Leonardo: His Faith, His Art

His name graces the title of 'The Da Vinci Code,' but what did he believe? And what's with the paintings mentioned in the story?

Leonardo da Vinci may be the most well-known painter of all time, and yet we have little information on what he felt and believed. Acknowledged by leading art historians as the founding father of the High Renaissance, Leonardo infused the art of the human figure with new communicative skills, especially those of ideas and emotions, and was praised for breathing new life into religious art by exploring the personalities depicted in his paintings. His artistic vision incorporated, for the first time in history, careful attention to science and the intellect, and so he worked slowly and methodically. As a result, he completed only a few works, of which fewer still survive into the 21st century—and, yet, these rank among the most influential in Western art.
 
After exploring Leonardo's religious outlook, I will delve into two of his surviving masterpieces which figure prominently in "The Da Vinci Code"—"The Virgin of the Rocks" and "The Last Supper
 
Leonardo's Faith
Our earliest major source for information on the life of Leonardo da Vinci is Giorgio Vasari, whose "Lives of the Artists" (1550) has proven unreliable, though influential nonetheless. Vasari’s initial report on Leonardo included the damning charge that his “cast of mind was so heretical that he did not adhere to any religion,” leading to much speculation about Leonardo, especially with regard to alchemy and secret societies. However, in the definitive second edition of his text (1568), Vasari excised these sentences, due to his own reassessment of Leonardo’s art and life or his realization that these reports were based more on gossip than on fact.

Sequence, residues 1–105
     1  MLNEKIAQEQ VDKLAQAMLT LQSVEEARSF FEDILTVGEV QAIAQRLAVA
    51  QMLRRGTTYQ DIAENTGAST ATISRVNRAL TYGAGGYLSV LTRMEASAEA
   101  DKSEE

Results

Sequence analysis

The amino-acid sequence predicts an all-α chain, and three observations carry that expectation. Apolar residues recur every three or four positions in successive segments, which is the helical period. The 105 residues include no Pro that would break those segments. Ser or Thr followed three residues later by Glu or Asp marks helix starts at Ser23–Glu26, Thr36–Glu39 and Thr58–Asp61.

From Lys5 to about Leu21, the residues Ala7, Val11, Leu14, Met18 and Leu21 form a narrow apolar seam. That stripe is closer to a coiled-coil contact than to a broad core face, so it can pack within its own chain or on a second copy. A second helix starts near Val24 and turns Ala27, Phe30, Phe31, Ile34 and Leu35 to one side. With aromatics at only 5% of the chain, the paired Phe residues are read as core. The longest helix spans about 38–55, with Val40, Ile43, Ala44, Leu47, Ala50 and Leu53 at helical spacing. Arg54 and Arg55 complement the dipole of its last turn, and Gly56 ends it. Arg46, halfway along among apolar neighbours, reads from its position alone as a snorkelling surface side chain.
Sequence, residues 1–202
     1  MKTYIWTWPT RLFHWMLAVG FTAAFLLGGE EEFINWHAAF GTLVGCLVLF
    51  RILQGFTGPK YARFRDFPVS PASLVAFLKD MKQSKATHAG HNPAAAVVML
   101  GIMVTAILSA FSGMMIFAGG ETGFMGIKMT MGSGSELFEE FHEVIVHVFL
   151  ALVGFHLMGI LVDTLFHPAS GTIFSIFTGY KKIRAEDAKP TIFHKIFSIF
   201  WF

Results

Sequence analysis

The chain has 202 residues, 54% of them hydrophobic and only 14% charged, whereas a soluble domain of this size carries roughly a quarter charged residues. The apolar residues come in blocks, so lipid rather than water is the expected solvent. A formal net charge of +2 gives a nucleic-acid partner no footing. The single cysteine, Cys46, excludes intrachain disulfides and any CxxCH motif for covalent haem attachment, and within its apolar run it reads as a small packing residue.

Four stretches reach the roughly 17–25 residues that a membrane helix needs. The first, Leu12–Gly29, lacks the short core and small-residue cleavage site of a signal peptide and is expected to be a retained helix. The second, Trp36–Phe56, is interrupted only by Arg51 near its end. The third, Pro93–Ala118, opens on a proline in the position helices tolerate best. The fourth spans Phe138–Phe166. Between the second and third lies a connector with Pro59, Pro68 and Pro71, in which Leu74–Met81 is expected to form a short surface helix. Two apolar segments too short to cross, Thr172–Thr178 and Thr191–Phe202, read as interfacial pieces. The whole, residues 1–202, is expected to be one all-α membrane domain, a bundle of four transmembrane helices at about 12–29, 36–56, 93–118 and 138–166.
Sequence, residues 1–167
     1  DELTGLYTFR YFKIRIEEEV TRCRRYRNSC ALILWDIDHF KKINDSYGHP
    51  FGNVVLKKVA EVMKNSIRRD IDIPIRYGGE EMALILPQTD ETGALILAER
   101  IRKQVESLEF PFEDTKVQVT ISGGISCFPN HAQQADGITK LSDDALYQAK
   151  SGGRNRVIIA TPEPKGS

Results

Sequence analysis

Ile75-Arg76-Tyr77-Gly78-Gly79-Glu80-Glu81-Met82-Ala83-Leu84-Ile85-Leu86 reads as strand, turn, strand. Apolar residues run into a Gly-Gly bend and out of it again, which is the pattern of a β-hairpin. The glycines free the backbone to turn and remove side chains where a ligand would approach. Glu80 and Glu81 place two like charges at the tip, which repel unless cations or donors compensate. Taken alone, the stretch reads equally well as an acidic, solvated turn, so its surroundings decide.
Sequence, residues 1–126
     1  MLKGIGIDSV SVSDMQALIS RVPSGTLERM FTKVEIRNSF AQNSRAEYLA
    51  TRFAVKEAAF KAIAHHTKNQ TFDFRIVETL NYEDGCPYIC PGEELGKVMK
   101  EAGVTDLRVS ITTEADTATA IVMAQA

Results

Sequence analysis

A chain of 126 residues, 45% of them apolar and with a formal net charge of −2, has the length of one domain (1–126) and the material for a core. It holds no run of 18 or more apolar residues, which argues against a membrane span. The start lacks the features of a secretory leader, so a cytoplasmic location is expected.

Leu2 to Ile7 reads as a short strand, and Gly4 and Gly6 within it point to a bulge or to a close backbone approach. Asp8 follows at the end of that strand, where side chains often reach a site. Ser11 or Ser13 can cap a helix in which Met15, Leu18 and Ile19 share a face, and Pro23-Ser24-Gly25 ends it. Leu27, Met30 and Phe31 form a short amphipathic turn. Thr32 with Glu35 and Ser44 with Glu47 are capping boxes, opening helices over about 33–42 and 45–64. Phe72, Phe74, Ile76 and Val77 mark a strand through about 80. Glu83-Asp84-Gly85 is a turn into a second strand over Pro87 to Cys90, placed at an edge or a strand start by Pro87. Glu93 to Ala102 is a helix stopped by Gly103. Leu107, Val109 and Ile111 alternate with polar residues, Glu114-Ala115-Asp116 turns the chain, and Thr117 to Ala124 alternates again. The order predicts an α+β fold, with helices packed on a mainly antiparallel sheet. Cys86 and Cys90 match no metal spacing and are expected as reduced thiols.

Nonetheless, these accusations stuck, and Leonardo was characterized as “Faust’s Italian brother,” among other epithets. Adding to these suspicions is the fact that Leonardo frequently wrote backwards—his famed mirror writing—as an attempt to hide his inventions, discoveries, and “secrets.” This "accusation" omits the fact that the artist was left-handed, and writing backwards was a common trait among left-handed people. Perhaps the greater damage to Leonardo’s reputation and artistry was wrought by Sigmund Freud, whose 1910 analysis defined the artist as a “thoroughly abnormal mind”; and what would be more abnormal than belonging to secret societies, dappling in alchemy, or mirror-writing?
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